Calypso is into the Caribbean – he’s into Rasta, reggae, Bob Marley, Usain Bolt and the West Indies cricket team. He wears his hair in dreadlocks and no one calls him Kyle, his real name. He’s even convinced his customers at the local health food shop that he’s Jamaican. It’s not surprising Calypso would want to idolise someone like Bob Marley, who, like Calypso, had a black dad and a white mum and grew up poor. (Marley’s dad took off, Calypso’s died.) Calypso reckoned that being a black kid in a white world would be easier if he was cool; being a Rasta provided him with a sense of identity. Run, Calypso’s cousin, on the other hand, hangs out in Calypso’s flat all day smoking ganja (cannabis) – when he’s not out with his mate stealing grog for drug money – as his way of dealing with the challenges of being a blackfella in a predominantly white person’s world.

This is a story about choices, about determination and hope. It is the story of what happens when a young man rediscovers his connection to country, to his mob, and unearths within himself a sense of who he is within his wider family and community. It is also the story of the harsh reality of age-old racial prejudice and the ramifications of its outworking amongst the Indigenous members of modern Australian society. When Calypso’s boss, Gary, at the Henley Beach Health Food and Products Store wants to introduce a new range of native plants for natural remedies, and enlists Calypso’s help to source some from his ‘tribe’, Calypso’s mum suggests he visit his Nukunu family in the Southern Flinders Ranges. The summer starts looking up for Calypso when he meets Clare, a Ngadjuri girl who works at the local hairdressing salon down the street; the two of them join forces to help wager a fair deal between Gary and Calypso’s elders who oversee the land where the plants grow. Festering in the background, however, like a boil about to burst, is the situation with his cousin Run’s covert criminal activities and the possible impact on Calypso’s life.

Calypso Summer is a well-crafted story populated with authentic characters – Calypso is immediately likeable, aptly flawed. The reader is drawn into the lives of each character –Calypso, Clare, Gary, Run, Calypso’s mob – into all the messiness, exuberance, optimism and ordinariness each life affords. The many references to culture add richness and verisimilitude to the text: ‘You see, the Dreaming ain’t just a lot of stories, it’s a way of living, staying connected with country, giving and taking’. Calypso Summer is also a story that dives intrepidly into the swirling waters of drug dependency and petty crime within the Indigenous community. Run’s downward spiral into hopelessness is poignantly contrasted with Calypso’s rediscovery of his roots and the way his connection with country and family help provide him with agency. Punctuated with life lessons, a story that foregrounds the power of acceptance, the potentiality of self-belief and the importance of culture.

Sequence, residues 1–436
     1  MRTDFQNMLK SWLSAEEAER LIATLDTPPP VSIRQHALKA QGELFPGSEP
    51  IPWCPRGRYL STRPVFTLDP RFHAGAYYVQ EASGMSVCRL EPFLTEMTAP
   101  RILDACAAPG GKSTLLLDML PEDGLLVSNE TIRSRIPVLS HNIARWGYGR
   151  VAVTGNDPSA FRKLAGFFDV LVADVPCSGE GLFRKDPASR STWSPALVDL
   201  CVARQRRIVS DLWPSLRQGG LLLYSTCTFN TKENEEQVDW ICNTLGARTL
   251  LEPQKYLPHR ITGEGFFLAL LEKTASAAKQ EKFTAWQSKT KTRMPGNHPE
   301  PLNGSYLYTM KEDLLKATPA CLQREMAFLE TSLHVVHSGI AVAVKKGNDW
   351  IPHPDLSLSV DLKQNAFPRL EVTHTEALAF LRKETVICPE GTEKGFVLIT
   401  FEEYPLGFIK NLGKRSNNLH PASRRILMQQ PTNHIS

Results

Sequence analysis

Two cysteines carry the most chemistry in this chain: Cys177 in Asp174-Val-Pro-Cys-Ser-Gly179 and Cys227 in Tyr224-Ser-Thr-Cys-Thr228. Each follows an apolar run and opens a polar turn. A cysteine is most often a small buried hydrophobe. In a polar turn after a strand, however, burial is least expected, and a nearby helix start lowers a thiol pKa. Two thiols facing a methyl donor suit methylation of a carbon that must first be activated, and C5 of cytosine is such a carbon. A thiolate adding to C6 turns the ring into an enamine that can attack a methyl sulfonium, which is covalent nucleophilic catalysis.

Strong language and drug references deem this a book suitable for an older YA audience.

Magabala Books, 2014

(A version of this review appears in Magpies Vol 29, Issue 3, July 2014)


Australian Federation: One People, One Destiny - Net Brennan

One of the winning aspects of this educational picture book for upper primary school students (and beyond) is its narrative flow: it reads like a story. Net Brennan has crafted her significant research into a body of work that is accessible from the outset: the historical figures that populated the era around Federation become three-dimensional characters that are weaved deftly into a compelling chronicle. The reader is introduced to names that perhaps already sound familiar to them – surnames they recognise from street signs, the names of universities, the suburbs of Canberra, their houses at school. Brennan brings such characters as Parkes, Deakin, Griffith, Barton (Tosspot Toby!), Reid, Kingston – and the women Catherine Spence and Mary Lee – to life as she relates the journey of their various roles in the move to towards Federation. The tension Brennan builds around the ever-present ‘yes or no’ question – will the colonies vote for a constitution that results in a federated Australia? – works well to keep the reader engaged.